Guardbridge (Scots: Gairbrig) is a village in the north-east of Fife, on the east coast of Scotland. It is approximately 3 miles (5 km) north-west of St Andrews, and is situated on the estuary of the River Eden, at the junction of the A91 road between St Andrews and Stirling and the A919/A914 road between Leuchars and the Tay Road Bridge.
Guardbridge has a number of local amenities including a school, general store, garages, hotel, takeaway food shop, hairdresser, furniture maker, and bowling and fishing clubs. The village has also become a very popular dormitory settlement due to its close proximity to St Andrews and Dundee.
The village takes its name from the 15th-century six-arched bridge built by Bishop Henry Wardlaw, who founded the University of St Andrews. Some have said the bridge was built to assist pilgrims en route to St Andrews, however its purpose was to provide safe access for students to ensure the success of Wardlaw's university.
Though the first element of the name is anglicized as 'Guard', the origin of the name has never been satisfactorily explained. As alternatives are less credible, the theory that this may come from "gare", the French term for statio, an assembly point for pilgrims, retains some credence in academic sources. Others cast doubt on such usage of "gare" before the 18th century. Alternative theories include the Scots words "gair", meaning muddy or, though unlikley, "gerr", meaning clumsy or awkward. The bridge is a Category A listed building.
St Andrews was one of the most important pilgrimage centres in Europe. Hostels were available every 6 miles along the pilgrim trail with the last one located at Guardbridge. There, up to 600 pilgrims were provided with dormitories, a refectory and a church. From that point, the Augustinians regulated the numbers travelling into the holy city of St Andrews. The average stay in the town was three months.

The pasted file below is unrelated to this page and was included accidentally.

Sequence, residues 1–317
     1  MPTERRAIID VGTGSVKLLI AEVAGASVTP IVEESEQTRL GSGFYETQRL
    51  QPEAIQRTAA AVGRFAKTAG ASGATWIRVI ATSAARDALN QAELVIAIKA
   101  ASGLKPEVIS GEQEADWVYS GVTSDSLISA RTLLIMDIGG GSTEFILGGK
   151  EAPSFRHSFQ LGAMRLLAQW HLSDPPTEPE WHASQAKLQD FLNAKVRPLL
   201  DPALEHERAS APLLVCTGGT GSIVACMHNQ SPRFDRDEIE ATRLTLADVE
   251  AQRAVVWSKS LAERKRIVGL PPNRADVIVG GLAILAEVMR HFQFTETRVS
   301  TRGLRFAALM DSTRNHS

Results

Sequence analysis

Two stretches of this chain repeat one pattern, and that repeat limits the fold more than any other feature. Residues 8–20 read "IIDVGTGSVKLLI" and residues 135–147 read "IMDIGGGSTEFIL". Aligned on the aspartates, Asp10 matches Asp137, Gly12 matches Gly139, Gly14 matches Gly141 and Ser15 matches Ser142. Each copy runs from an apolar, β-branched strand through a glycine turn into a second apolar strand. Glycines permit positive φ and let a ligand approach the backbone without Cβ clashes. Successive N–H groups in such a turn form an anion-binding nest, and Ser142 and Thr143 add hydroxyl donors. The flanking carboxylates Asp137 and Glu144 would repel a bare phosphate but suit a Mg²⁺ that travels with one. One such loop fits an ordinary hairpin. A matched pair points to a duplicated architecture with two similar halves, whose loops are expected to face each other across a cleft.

In 1852 the north-east Fife railway line was extended to St Andrews and a viaduct was built over the Eden. This St Andrews Railway was closed in 1969, not as part of the Beeching cuts as is commonly supposed but by British Rail. The viaduct was demolished but its supporting piers are still visible in the river.
In 1873 William Haig and two of his sons formed the Guardbridge Paper Company. This was to find a more profitable use for their Seggie whisky distillery which had been established there since 1810. The mill went into production in 1874. As the mill developed, the village grew around it, with new housing and roads to attract and accommodate workers. Before the First World War the labour force was over 400, and reached a peak of 620 in the late 1950s.
The paper mill was previously the main local industry and was operated by Curtis Fine Papers. On July 24, 2008, the mill went into receivership and 180 workers were made redundant. Many locals were employed elsewhere in Fife, Dundee, Edinburgh or even further afield. The building which played host to the mill is now Eden Brewery.
- "Guardbridge". Scotland Census 2001. Archived from the original on 27 September 2007. Retrieved 3 May 2007.
- "Fife Place-name Data :: Guardbridge". fife-placenames.glasgow.ac.uk.
- Ordnance Gazetteer of Scotland (New Edition, Vol III
- Alexander, Michael (14 December 2019). "Gare Bridge: How Scotland's oldest surviving bridge helped ensure the early survival of St Andrews University". The Courier.
- Historic Environment Scotland. "Guardbridge (old) over River Eden (Category A) (LB8861)". Retrieved 11 April 2019.
- "Early Tourism". Archived from the original on 4 April 2009. Retrieved 27 February 2010.
- The Editors of The Gazetteer for Scotland. "Guardbridge". Scottish-Places. School of GeoSciences, University of Edinburgh and The Royal Scottish Geographical Society. Retrieved 1 January 2019.
- "180 jobs lost as Curtis Fine Papers goes into administration". Archived from the original on 25 October 2009. Retrieved 27 February 2010.
- "Jobs lost as paper maker closes". BBC News. 24 July 2008. Retrieved 4 May 2010.
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